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Aug 16 2012

Intro to Africa in Arusha

The flight from Nairobi to Kilimanjaro International Airport was our favorite of the three … not just because it was the final leg and only 50 minutes long, but because of the incredible scenery along the way. Because we were confined to the airport for our nearly 4 hour lay-over, we hadn’t really seen very much of the surrounding landscape and this part of the journey made up for that.

The mountain just seems to rise up out of nowhere, and because there were only 15 people on the flight (most of whom were all seated in a block of just four rows for some reason?) we were able to switch to window seats on the left side of the plane for the best view.

Mr. Kilimanjaro rises under the wing of our pl...

Mr. Kilimanjaro rises under the wing of our plane from Nairobi. via shazzersnaps

Obtaining a visa was just as easy as our safari agency promised, and our backpacks were waiting for us as soon as we cleared immigration. We were met by the cousin of one of our agency owners, George, and our driver/guide Benja, who we later found out is Masai.

From there we were off to Arusha for lunch … because by now it’s noon and the last meal we had was dinner served around 2 a.m. on the flight from Doha. When I commented that it seemed really odd for an airline to serve such a big meal in the middle of the night, George suggested that it may have had something to do with Ramadan? and the fact that many people are fasting during daylight hours. That makes sense.

Over the course of the hour-long journey, we saw all manner of goats, cattle and donkeys … usually accompanied by people and often in the road. It really hits you how different the culture is from what you know back home.

Banana transport

Our agency operator’s brother, Gabriel, joined us for lunch (the Kilimanjaro Safari Agency is clearly an extended family affair). He took us, along with Benja, to a restaurant very popular with the locals which featured a buffet of standard African fare that was naturally quite exotic to us. I tried a little bit of everything … including the African staple starch, Fufu, which I’ve always wanted to try … and liked the vast majority of it a lot. Dr. Darling was typically more timid and ate a lot of rice, thought I giver her major bonus points for trying the Fufu.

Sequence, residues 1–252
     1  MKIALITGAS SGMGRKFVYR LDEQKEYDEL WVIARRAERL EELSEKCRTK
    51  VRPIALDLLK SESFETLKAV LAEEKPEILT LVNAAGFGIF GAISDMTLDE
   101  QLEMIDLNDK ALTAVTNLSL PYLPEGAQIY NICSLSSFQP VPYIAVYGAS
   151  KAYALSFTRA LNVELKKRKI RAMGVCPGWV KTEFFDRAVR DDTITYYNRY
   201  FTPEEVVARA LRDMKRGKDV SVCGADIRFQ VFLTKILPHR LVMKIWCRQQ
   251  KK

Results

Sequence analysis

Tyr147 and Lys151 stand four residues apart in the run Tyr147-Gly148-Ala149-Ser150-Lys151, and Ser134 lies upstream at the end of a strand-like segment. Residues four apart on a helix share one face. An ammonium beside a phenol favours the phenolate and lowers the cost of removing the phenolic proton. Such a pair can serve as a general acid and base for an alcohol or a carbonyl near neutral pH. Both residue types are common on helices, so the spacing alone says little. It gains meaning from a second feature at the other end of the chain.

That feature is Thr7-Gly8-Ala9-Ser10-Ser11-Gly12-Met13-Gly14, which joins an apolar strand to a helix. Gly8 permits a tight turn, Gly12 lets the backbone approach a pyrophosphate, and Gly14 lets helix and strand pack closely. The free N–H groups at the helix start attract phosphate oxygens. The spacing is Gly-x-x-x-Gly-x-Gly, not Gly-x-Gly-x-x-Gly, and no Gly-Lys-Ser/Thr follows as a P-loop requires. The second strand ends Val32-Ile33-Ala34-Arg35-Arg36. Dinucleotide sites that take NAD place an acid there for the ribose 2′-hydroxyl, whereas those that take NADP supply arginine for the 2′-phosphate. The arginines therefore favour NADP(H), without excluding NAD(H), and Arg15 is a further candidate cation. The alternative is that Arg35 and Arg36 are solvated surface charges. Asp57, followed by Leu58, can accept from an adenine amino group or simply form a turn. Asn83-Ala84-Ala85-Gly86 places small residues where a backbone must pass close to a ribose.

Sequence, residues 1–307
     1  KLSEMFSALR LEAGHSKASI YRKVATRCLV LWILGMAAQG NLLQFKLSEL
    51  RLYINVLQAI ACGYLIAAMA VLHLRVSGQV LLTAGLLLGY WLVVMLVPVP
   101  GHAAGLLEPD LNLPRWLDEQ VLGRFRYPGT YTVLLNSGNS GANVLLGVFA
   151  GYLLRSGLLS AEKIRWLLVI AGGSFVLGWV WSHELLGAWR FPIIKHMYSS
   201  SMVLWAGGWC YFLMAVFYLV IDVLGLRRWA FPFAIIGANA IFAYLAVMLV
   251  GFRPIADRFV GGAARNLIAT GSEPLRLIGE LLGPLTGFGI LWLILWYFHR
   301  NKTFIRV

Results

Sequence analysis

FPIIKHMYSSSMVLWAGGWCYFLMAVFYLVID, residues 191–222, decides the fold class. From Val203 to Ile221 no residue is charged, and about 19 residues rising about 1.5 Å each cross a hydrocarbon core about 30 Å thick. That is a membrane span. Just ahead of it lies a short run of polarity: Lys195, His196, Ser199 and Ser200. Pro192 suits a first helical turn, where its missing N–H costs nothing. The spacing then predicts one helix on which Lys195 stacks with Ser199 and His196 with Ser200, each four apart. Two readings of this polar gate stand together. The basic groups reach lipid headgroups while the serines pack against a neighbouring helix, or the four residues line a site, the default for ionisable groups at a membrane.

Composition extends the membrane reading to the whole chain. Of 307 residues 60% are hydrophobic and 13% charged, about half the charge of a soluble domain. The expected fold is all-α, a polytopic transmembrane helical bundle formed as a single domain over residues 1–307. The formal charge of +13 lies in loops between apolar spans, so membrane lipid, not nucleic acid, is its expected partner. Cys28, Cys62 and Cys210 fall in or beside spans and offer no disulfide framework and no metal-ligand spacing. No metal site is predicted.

The Swede walks the grounds of our first lodge.

Then it was on to the Moivaro Coffee Plantation Lodge, which is as charming as it sounds. After a much longed-for shower and a two-hour nap in our cozy little cabin, we explode the grounds a bit before Gabriel and George fetched us for dinner. The Swede was initially a bit disappointed when Gabriel said he was taking us back to the same place where we’d had lunch. But instead of the buffet that’s served at lunchtime, the specially is African BBQ, which caused her to perk up a little.

I was a bit disappointed that they were out of goat, because that’s another dish I’m eager to try. The guys ordered chicken while the Swede and I went for the beef  … which was very tasty but served on-the-bone, something that Dr. Darling normally would not touch. But she was hungry and eager to be a good guest, so she soldiered through it … a task that was probably made a bit easier due to how dark it was in the restaurant. It hard to get squeed out by something when you can’t really see what you’re eating!  I was really proud of her.

Once we were dropped back at the lodge, we had a nice chat with the desk clerk who gave us a quick Swahili lesson, which allows me to wish you all a “Habari ya jioni” (good evening.)

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Feed my ego!

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